var newItem = { text: "First Item" };
listView.dataProvider.addAt(newItem, 0);

In the example above, a new item is added to the beginning.

Similarly, to remove an item, call remove() or removeAt() on the collection.


Item renderers

An item renderer is a Feathers UI component that displays a single item from a data collection inside a component like ListView or GridView. In other words, a ListView typically contains multiple item renderers — with each one rendering a different item from the collection.

Feathers UI provides a default ItemRenderer class, which can display data in many different ways that cover a variety of common use-cases. However, components like ListView also support custom item renderers, which allow developers to render the list view's data in infinite unique ways.

Consider a collection of items with the following format.

{ name: "Pizza", icon: "" }

While the default ItemRenderer class can easily display some text and an image, creating a custom item renderer for this simple data will be a good learning exercise.

A custom item renderer designed to display this data might use a Label to display the text, and an AssetLoader to display the image. The following example creates a DisplayObjectRecycler which instantiates these components and adds them to a LayoutGroupItemRenderer — a special base class for custom item renderers.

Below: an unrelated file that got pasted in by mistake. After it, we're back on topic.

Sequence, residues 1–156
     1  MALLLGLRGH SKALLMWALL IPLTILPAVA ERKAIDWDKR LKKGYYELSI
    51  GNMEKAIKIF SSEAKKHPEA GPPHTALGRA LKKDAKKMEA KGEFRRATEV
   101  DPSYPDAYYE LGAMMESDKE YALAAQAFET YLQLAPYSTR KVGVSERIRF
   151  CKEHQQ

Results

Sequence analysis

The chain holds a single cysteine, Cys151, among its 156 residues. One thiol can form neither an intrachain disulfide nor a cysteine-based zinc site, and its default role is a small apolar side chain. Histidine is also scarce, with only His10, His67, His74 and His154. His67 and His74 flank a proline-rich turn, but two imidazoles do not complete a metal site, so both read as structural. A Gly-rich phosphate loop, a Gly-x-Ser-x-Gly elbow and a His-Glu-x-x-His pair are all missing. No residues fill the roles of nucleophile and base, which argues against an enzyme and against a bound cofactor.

var recycler = DisplayObjectRecycler.withFunction(() -> {
    var itemRenderer = new LayoutGroupItemRenderer();

    var layout = new HorizontalLayout(); = 6.0;
    layout.paddingTop = 4.0;
    layout.paddingBottom = 4.0;
    layout.paddingLeft = 6.0;
    layout.paddingRight = 6.0;
    itemRenderer.layout = layout;

    var icon = new AssetLoader(); = "loader";

    var label = new Label(); = "label";

    return itemRenderer;